ASB has given its Kashin moneybox a digital makeover with the launch of a cashless interactive version, ‘Clever Kash’
The new-look elephant moneybox will enable parents to swipe virtual notes and coins from the ASB Mobile banking app to display on their child’s Clever Kash. The money in the child’s bank account will be displayed on Clever Kash’s tummy, with elephant noises that trumpet each time it’s used
“Clever Kash is our solution to this challenge in an ever-evolving digital era,” says ASB chief executive Barbara Chapman, during the launch at the North Wharf Innovation Lab in ASB’s headquarters.
Chapman says Clever Kash is the latest evolution of the Kashin moneybox the bank launched in 1964.
ASB CEO Barbara Chapman at the launch of Clever Kash
Clever Kash is our solution to this challenge in an ever-evolving digital era. Barbara Chapman
Children of ASB staff were among those who tested the prototypes
“Parents are telling us they’re finding it challenging to teach their children about the value of money as they don’t tend to use cash and coins for everyday purchases.
“Today, children are more likely to see their parents handing over a card to pay, and so may not appreciate how much things cost or see change calculated, as we do when paying in notes and coins,” says Chapman.
At the same time, she says an ASB commissioned survey notes how nearly all parents (96 per cent) believe teaching their children about money is an important life skill. But nearly three quarters (64 per cent) of the parents say they struggle to teach their children basic money skills as society becomes increasingly digital.
She says Clever Kash makes cash tangible again so children can see first-hand how spending and saving is reflected on their Clever Kash display.
James Bergin, ASB chief architect, says Clever Kash was developed using practices among many technology focused companies.
“We are more than just a bank, we are a technology company that is licensed and trusted to provide financial services,” Bergin tells CIO New Zealand.
“Money is becoming digital,” he says. “Yes, we consider ourselves a technology company first and foremost and are constantly looking to solve problems for our customers through innovation. That also means thinking differently.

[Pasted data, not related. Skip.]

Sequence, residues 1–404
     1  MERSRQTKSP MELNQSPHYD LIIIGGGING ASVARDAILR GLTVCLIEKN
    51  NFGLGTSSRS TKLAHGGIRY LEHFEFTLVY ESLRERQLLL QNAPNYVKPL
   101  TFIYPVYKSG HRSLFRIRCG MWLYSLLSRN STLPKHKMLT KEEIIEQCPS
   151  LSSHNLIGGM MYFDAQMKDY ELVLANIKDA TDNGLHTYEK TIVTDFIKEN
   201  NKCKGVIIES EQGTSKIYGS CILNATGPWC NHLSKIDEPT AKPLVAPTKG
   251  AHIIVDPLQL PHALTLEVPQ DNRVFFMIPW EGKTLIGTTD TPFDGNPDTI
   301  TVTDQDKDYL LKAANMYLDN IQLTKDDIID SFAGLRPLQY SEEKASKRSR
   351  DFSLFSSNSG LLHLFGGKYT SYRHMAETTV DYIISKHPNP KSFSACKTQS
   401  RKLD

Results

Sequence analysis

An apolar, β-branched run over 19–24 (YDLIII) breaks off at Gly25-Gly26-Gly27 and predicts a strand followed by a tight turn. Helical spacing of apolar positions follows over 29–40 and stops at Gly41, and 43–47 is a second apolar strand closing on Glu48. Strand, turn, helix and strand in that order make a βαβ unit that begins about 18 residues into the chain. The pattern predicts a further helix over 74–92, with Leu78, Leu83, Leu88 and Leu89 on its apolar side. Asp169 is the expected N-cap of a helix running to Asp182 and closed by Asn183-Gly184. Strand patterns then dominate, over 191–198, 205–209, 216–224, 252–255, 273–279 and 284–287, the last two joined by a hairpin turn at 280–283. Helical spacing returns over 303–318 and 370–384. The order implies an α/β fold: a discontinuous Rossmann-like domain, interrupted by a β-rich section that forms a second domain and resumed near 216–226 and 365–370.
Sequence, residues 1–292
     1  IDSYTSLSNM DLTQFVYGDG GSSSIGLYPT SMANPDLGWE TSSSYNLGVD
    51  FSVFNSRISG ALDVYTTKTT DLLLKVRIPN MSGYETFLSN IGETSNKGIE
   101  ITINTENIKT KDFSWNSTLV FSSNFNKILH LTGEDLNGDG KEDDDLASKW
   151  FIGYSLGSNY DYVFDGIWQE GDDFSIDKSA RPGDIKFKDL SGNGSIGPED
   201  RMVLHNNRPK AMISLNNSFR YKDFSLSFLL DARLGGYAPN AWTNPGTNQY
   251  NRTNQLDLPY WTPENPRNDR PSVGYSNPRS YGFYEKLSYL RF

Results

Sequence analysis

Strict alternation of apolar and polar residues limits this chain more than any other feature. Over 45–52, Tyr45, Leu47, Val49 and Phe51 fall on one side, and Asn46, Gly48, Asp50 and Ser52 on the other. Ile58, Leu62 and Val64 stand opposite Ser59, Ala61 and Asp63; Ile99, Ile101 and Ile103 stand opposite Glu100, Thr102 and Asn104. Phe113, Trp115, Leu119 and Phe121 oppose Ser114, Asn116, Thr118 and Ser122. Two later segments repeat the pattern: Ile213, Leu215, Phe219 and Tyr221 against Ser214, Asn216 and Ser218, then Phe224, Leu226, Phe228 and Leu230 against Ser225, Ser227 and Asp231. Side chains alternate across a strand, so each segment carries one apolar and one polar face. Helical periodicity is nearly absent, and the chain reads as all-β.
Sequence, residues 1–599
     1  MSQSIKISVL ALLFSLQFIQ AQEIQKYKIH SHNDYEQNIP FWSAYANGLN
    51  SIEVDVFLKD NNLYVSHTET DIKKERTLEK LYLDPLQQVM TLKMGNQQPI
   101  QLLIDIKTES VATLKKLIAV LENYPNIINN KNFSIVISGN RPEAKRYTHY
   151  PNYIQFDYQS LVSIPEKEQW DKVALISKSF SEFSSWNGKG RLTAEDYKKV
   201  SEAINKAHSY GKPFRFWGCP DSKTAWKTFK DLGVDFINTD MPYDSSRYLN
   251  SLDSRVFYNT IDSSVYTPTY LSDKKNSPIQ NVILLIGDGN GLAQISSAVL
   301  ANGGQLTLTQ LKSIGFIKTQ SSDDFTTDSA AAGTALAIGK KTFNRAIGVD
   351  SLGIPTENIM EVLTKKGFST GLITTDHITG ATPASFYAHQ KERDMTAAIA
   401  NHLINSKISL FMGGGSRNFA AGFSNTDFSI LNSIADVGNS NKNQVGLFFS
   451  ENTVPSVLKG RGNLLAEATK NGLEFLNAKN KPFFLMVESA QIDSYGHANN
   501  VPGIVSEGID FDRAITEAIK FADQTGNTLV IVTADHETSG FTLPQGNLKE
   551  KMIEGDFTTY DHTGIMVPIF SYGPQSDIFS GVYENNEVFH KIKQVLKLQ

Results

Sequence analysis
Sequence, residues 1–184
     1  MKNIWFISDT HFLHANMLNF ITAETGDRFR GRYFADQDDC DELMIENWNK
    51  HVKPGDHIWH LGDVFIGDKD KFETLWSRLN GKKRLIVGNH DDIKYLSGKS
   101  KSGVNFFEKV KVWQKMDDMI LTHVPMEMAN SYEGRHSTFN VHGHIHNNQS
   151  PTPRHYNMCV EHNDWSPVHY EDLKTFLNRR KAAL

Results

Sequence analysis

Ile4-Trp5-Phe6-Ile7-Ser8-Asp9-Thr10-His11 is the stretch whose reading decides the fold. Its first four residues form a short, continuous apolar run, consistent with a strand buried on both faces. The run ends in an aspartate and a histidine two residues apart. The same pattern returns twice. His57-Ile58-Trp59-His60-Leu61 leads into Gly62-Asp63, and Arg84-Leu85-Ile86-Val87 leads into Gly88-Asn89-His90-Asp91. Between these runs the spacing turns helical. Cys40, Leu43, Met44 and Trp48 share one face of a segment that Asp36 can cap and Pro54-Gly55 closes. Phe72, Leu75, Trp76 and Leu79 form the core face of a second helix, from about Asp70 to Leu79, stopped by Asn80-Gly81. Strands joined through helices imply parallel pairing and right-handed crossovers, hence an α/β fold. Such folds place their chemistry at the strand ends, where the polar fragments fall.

“We started to build a prototype,” he states. “We are using Agile technologies, we were iterating, dropping things every two weeks and saying, here is a new release. What do you think?
“We tested and learnt as we went.”
The bank also asked the children of ASB staff to test the different prototypes.
ASB chief architect James Bergin and executive general manager technology and inovation Russell Jones during the launch
We are more than just a bank, we are a technology company that is licensed and trusted to provide financial servicesJames Bergin, ASB
He says an early release of Clever Kash will soon be available as part of the product testing development.
Bergin says customers who want to be the first to trial Clever Kash can register their interest through the ASB Mobile banking app. They can also follow its development by subscribing to updates.
Clever Kash will connect with the ASB Mobile banking app via a secure and encrypted Bluetooth connection. Clever Kash is battery powered and if used a few minutes a day it will last roughly 16 days before requiring a recharge via micro USB.
“Parents can be safe in the knowledge that Clever Kash displays the account balance only and kids have no transactional ability,” he states.
Bergin says the bank is already planning to widen the scope of Clever Kash to spending but any changes will be guided by customer feedback.
He explains no account information is stored on the Clever Kash and communication is one-way, from ASB Mobile banking app to the Clever Kash moneybox. Data sent from the smartphone application to the Clever Kash device is controlled entirely by the parent/guardian.
He says development of Clever Kash started a year ago, from ideation/concept to alpha prototype and beta prototype.
ASB worked with the following on the project: Saatchi Saatchi (conceptualisation, experience design, communications specification, project management), 4Design (product design manufacturing), Kamahi (electronics engineers) and Assembly (product design film production).
Bergin believes ASB is among the first in the region to launch the product. ASB has also filed a trademark application for ‘Clever Kash’ and also has a patent pending for the technology.
He says Clever Kash is produced through “collaboration” with Kiwi companies, and states ASB parent company CBA (Commonwealth Bank of Australia) is interested in the concept.
How the prototypes evolved in the past 12 months
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